Here is the latest blog from Rodney Willett in a debate on Planned Austerity. It’s well worth a read. Check it out!
In case you have not been following the thread, Rodney asked me on Twitter to share my views on planned versus unplanned austerity. After some thought, I responded and John Gemini shared his views as well. Here are the links:
Planned austerity or unplanned austerity? – Rodney Willett – A response from Dr Alf
Planned austerity or unplanned austerity? – Rodney Willett – A response from John A Gelmini
It seems that Rodney and I differ on possible causes for the current mess but we agree on the broad solution, namely:
- Strong leadership
- Overarching vision
- Coordinated and carefully analyzed strategy, and
- Fully risked assessed, properly costed and effectively managed delivery plans
Both Rodney, John and myself are agreed that David Cameron is probably unable to provide the required strength of leadership. Although not specifically debated, I sense that we are also agreed that the current leaders of the Labour and Liberal parties too are unlikely to provide the necessary leadership?
At this point, I believe that our views diverge.
Rodney favours devolution of power from the centre to overcome the current crisis.
On the other hand, after some reflection, I favour exactly the opposite course to Rodney – namely an emergency concentration of power at the centre, in the short to medium term, possibly under the political mandate of a national coalition, supported by the three major political parties: Conservative, Liberal and Labour.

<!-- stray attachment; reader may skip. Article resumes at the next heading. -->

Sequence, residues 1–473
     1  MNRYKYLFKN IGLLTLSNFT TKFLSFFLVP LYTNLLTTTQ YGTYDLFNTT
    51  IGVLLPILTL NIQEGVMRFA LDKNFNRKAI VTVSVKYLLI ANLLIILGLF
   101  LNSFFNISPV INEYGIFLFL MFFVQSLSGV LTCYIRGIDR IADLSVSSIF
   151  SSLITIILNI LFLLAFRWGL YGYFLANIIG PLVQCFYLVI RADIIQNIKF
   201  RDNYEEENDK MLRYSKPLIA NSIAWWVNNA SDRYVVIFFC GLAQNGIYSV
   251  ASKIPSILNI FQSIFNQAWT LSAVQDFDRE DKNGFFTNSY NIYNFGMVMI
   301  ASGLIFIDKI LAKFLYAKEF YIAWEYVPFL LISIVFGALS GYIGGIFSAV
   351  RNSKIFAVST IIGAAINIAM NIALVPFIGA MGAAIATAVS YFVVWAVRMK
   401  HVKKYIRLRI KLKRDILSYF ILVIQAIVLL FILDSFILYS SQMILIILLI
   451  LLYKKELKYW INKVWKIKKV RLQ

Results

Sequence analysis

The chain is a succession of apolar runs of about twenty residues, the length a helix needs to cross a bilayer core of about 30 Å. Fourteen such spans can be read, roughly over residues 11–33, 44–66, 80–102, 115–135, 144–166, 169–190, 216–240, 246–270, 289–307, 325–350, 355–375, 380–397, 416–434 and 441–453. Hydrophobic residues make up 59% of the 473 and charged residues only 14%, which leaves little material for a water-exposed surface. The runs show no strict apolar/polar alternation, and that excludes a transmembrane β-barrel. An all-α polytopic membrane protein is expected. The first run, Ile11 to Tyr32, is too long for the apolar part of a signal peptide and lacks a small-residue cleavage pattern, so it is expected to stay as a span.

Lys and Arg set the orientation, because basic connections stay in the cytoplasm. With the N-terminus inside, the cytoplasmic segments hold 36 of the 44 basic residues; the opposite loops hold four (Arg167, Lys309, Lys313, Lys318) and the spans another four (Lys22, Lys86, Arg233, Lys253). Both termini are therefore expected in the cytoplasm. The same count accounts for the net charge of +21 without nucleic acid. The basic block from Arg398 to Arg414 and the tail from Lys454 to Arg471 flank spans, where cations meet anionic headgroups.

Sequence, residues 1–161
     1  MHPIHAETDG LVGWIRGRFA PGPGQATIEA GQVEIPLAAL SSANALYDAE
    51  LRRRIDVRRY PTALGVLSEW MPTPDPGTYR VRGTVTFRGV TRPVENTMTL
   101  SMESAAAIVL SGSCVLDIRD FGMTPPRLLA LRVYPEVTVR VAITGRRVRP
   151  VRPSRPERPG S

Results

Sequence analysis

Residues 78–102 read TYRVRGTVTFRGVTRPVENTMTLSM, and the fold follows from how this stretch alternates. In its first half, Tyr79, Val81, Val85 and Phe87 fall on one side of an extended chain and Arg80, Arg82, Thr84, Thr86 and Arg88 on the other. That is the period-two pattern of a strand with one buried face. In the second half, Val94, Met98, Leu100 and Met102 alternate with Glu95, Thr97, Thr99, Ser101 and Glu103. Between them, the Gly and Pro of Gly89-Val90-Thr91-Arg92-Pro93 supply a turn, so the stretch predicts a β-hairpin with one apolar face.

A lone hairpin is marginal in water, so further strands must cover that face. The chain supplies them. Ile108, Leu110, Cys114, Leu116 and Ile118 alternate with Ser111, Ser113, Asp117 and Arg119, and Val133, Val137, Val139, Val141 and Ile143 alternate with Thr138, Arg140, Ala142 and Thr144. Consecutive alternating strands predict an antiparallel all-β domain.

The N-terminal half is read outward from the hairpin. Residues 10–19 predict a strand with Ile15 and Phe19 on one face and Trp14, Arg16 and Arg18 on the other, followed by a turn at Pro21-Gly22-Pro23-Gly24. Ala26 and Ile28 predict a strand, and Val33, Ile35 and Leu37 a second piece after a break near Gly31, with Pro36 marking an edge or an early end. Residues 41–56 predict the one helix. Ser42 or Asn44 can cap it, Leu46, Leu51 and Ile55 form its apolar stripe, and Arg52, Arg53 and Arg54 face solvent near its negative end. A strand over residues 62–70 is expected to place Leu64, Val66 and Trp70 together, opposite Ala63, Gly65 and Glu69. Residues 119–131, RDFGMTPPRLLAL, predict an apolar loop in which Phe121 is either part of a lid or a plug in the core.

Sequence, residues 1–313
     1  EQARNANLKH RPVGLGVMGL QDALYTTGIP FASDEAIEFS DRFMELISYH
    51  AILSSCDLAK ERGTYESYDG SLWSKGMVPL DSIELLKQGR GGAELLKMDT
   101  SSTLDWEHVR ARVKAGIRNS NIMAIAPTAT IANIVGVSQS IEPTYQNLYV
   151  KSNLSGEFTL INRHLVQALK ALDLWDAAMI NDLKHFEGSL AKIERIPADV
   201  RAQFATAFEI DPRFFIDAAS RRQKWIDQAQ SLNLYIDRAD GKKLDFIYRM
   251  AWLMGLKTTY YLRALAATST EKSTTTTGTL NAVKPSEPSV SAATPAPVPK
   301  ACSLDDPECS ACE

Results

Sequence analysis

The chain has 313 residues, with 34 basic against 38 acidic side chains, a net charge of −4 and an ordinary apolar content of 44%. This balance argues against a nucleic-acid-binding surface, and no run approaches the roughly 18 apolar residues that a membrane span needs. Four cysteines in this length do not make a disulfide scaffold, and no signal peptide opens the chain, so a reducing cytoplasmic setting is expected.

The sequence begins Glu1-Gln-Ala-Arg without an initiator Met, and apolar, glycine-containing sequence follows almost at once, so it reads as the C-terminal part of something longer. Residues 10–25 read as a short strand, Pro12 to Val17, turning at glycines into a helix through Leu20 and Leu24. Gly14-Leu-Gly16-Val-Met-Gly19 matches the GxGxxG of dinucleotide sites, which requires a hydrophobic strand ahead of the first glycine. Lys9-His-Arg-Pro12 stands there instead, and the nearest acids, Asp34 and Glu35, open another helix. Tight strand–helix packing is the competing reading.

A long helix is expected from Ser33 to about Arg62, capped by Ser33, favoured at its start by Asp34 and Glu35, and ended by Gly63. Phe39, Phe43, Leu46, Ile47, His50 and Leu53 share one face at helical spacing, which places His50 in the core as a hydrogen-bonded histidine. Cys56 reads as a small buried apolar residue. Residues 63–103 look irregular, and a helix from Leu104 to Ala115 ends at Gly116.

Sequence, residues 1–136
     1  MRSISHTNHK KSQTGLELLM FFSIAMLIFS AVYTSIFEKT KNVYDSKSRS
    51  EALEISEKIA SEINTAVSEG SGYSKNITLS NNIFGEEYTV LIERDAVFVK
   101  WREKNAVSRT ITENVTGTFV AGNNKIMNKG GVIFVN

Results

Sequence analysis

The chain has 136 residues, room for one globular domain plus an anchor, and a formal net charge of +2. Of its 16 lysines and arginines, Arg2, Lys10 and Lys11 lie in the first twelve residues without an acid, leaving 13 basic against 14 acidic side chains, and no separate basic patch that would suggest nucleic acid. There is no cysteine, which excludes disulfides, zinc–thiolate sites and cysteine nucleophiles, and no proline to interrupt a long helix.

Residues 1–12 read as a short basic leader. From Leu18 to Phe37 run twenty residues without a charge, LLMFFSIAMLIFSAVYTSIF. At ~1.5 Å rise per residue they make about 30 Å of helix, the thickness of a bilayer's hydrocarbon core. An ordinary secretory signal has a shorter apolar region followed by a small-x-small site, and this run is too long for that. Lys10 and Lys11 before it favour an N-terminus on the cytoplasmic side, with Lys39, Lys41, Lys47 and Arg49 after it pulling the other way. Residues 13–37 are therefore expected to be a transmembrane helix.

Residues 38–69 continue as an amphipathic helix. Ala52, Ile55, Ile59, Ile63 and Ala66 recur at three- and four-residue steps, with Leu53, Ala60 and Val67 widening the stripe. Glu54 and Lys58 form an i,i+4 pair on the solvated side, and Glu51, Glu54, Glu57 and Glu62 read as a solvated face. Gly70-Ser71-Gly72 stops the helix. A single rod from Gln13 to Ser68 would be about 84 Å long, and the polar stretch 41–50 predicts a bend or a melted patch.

I envision a UK national coalition that is prepared to seek the views of the British people in referendums and to be ready to possibly withdraw power from Europe, defining a new national strategy after proper consultation with the UK people.
It is only with enormous power at the UK’s centre that the gross inefficiencies and waste in UK Local Government and in the EU bureaucracies can effectively be reversed – I concede that some progress has been made in cutting waste in Central Government but it is lightweight, lacking passion. Once real reforms have been achieved (in local and central government, plus possibly the EU bureaucracy), I would expect a return to competitive politics. In summary, a wartime-type coalition is required.
In conclusion, I would argue that a leader is required who is prepared to fight from the front and unite the people behind a national unity government.
What do you think?
Please share your views, whether you agree, disagree or have a different perspective.